Over long periods of time -- literally millions of years -- these ridges have gradually reoriented themselves and formed an independent plate called the Explorer plate, which sheared off the Juan de Fuca plate and slowly has been subducting beneath Vancouver Island. The plate, about 200 kilometers in length, is subducting beneath the North American plate at the rate of about 4.3 centimeters a year.

http://www.sciencedaily.com/releases/20 ... 110331.htm


Image

Pacific, Canadian Rockies, San Juan de Fuca
mud-crack fragments on a sphere

Gary,
(i may have posted this before somewhere)

Nice color maps of Vancouver Island Bedrock Surveys

http://www.env.gov.bc.ca/wld/documents/techpub/rr02/compessed_maps_appendix.pdf




From a long, but interesting travel log by :

GEOLOGICAL ASSOCIATION OF CANADA
MINERALOGICAL ASSOCIATION OF CANADA
JOINT ANNUAL MEETING, 1977
VANCOUVER, B.C.
FIELD TRIP 7: GUIDEBOOK
GEOLOGY OF VANCOUVER ISLAND

Figure 9 page 40-
UPPER CRETACEOUS. NANAIMO GROUP. Clastic sediments.
. QUATSINO, PARSON BAY FORMATIONCarbonate ,clastic sediments . .
PERMIAN, TRIASSIC. Diabase, gabbro.
MIDDLE ISLAND INTRUSIONS. Granitic rocks.
KARMUTSEN FORMATION.
(A) Basaltic lava. Limestone , some clastics. (8) Pillow basalt, breccia
BUTTE LAKE FORMATION Limestone , some clastics.
LOWER JURASSIC BONANZA SUBGROUP. Andesite, Rhyodacite, minor sediments.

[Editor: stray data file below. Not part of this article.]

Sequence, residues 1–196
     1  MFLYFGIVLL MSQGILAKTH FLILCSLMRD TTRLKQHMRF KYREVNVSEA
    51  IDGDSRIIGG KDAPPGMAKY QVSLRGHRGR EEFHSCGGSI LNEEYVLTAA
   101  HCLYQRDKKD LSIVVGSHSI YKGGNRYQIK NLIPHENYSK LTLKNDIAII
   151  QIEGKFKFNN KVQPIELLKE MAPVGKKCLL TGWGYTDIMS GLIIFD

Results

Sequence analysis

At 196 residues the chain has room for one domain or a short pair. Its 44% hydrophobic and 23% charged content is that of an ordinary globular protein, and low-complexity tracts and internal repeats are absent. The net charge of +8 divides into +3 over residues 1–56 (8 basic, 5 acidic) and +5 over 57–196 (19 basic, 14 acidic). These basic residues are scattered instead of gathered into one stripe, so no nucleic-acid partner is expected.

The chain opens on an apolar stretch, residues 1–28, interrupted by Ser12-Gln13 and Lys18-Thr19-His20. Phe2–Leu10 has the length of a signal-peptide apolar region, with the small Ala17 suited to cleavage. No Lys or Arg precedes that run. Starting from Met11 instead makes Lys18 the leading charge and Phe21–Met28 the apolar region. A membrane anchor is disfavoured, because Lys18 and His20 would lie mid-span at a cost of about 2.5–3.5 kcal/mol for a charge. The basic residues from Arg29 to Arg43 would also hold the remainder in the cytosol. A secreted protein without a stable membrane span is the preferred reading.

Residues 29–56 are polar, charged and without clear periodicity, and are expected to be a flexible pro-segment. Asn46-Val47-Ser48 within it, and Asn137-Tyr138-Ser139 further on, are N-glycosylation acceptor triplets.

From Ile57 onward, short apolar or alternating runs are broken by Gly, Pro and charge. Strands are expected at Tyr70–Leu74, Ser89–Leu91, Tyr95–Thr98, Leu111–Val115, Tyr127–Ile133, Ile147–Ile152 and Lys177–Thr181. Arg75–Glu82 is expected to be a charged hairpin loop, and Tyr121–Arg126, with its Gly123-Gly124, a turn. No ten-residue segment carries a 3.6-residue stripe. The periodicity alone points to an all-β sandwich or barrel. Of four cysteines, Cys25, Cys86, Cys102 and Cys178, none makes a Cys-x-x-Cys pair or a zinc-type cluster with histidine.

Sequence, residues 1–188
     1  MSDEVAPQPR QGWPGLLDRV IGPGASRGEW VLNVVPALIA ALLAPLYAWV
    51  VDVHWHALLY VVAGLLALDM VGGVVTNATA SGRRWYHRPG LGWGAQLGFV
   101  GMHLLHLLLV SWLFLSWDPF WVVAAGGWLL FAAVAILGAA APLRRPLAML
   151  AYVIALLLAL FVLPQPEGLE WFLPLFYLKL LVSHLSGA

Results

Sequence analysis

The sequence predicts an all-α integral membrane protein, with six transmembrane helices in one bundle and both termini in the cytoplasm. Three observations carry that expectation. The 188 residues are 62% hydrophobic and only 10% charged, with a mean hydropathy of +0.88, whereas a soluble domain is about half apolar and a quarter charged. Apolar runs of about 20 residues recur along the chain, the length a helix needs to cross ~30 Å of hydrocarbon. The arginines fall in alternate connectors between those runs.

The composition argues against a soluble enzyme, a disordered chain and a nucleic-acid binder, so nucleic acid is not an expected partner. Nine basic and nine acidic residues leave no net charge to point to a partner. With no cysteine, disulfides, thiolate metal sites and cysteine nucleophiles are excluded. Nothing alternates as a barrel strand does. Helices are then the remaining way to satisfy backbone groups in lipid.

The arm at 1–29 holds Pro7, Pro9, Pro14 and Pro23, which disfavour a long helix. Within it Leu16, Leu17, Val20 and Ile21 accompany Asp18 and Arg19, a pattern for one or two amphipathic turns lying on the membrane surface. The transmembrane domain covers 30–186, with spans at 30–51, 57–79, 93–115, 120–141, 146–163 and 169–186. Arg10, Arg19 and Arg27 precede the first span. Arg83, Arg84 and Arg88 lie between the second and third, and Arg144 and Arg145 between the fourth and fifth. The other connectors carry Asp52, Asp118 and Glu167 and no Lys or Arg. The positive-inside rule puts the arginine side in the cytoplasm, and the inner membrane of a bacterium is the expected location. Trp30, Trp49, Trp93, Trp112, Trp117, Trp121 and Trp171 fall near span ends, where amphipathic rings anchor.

MIDDLE PENNSYLVANIAN, SICKER GROUP. Tuff, breccia, chlorite-schist.


http://www.gac-cs.ca/publications/Field ... Island.pdf


"What was once high shall be brought low, and what was low will be risen high"
-the Egyptians
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Re: Questioning the Ice Ages

Unread postby GaryN » Tue Jul 02, 2013 11:25 am

Taiwan plates:
Image
http://www.tectonics.caltech.edu/taiwan/regional.htm

The Vancouver Island geology is interesting in that it is composed of multiple zones also, but also has ohduction similar to the Hawiian islands chain.

"What was once high shall be brought low, and what was low will be risen high"
-the Egyptians


That's interesting as I was thinking to myself when I first saw the Taiwan images that it looked like something you'd expect to see at the ocean depths. We know nothing, or less than the Egyptians anyway, it seems.

Over long periods of time -- literally millions of years -- these ridges have gradually reoriented themselves and formed an independent plate called the Explorer plate, which sheared off the Juan de Fuca plate and slowly has been subducting beneath Vancouver Island. The plate, about 200 kilometers in length, is subducting beneath the North American plate at the rate of about 4.3 centimeters a year.


Back to plate tectonics, but...

Furthermore, we now know, thanks partly to remote sensing from
space, that the Earth’s crust can not realistically be considered a
mosaic of 12 discrete rigid plates.


http://www.amazon.com/Exploring-Space-E ... B005M4TLDQ

Yes, there is activity at 'plate' boundaries, but could it be from electrical and magnetic processes? We can heat rock very well with ohmic or dielectric heating, bend and twist and stretch molten rock with magnetic fields, and metamrphosise it with EMP shocking.

Re:FIELD TRIP 7: GUIDEBOOK